JOURNAL ARTICLE
RANDOMIZED CONTROLLED TRIAL

Tracheal intubating conditions using propofol and remifentanil target-controlled infusions

A M Troy, R C Huthinson, W R Easy, G N Kenney
Anaesthesia 2002, 57 (12): 1204-7
12479190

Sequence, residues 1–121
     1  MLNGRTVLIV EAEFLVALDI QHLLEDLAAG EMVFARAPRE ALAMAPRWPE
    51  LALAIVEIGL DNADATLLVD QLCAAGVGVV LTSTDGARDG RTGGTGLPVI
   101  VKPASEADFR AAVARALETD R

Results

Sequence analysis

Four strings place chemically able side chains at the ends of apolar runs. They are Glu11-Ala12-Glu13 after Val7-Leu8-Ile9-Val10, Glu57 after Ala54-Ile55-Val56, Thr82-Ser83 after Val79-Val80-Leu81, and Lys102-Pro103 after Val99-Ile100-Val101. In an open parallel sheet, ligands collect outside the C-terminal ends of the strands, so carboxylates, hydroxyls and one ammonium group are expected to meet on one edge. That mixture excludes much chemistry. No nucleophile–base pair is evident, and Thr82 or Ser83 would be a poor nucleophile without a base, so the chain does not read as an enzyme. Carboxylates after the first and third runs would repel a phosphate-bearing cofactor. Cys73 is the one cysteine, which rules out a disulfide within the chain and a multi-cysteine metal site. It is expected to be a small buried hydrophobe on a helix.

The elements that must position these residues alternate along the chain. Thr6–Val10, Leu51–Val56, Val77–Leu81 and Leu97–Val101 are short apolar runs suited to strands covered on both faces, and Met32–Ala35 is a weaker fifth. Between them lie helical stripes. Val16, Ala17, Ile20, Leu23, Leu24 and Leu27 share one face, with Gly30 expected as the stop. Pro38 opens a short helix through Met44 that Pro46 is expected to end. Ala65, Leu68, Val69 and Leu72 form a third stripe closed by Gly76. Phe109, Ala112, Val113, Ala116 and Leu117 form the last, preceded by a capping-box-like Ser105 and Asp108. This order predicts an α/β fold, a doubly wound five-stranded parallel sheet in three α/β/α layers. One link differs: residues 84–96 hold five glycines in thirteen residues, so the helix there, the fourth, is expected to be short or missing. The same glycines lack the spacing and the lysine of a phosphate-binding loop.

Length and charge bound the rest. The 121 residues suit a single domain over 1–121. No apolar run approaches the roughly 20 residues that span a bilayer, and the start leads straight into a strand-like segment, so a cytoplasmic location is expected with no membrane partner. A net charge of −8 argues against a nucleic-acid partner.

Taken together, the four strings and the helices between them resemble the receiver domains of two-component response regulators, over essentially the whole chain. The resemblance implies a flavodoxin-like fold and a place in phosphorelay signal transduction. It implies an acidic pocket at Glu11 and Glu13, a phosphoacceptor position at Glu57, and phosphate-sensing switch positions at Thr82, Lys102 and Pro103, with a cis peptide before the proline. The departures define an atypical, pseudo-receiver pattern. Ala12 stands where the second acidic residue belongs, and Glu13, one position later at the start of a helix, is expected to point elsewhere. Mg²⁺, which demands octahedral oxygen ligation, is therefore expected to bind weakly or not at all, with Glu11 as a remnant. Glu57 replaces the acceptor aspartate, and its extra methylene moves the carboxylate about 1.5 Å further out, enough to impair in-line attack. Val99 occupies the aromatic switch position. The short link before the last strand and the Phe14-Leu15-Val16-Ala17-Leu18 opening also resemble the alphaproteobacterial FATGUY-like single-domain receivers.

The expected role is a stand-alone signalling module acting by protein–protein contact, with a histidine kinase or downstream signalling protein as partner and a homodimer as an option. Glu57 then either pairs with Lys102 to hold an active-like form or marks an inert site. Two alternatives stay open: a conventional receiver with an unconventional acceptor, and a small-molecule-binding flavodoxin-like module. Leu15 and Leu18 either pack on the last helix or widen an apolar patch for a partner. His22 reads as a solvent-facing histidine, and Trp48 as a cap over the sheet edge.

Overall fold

Using target-controlled infusions (TCI) we aimed to determine the most appropriate dose of remifentanil required for intubation, using a steady effect-site concentration of propofol and without the use of neuromuscular blocking drugs. Sixty ASA III patients presenting for elective surgery were randomly allocated to one of three groups. Anaesthesia was induced in all patients using a target-controlled infusion of propofol 6.5 microg x ml(-1). This was reduced to 3 microg x ml(-1) after 1 min. Each group received a different TCI of remifentanil, 19, 15 or 11 ng x ml(-1), which was reduced to 10, 8 or 6 ng x ml(-1), respectively, after 1 min. Laryngoscopy and intubation were attempted at 4 min. Laryngoscopy and ease of intubation were assessed using a standard scoring system. Intubation was considered satisfactory in 75% of patients in groups 1 and 2 and 35% of patients in group 3. Intubation was successful in 20/20, 19/20 and 15/20 patients in groups 1, 2 and 3, respectively. Pulse oximetry, heart rate and noninvasive arterial pressure were measured pre-induction, and at intervals until after laryngoscopy and intubation. Mean arterial pressure (MAP) and heart rate decreased following induction of anaesthesia in all groups, which was statistically significant. Following laryngoscopy, MAP and heart rate increased, but were significantly less than the corresponding baseline values.

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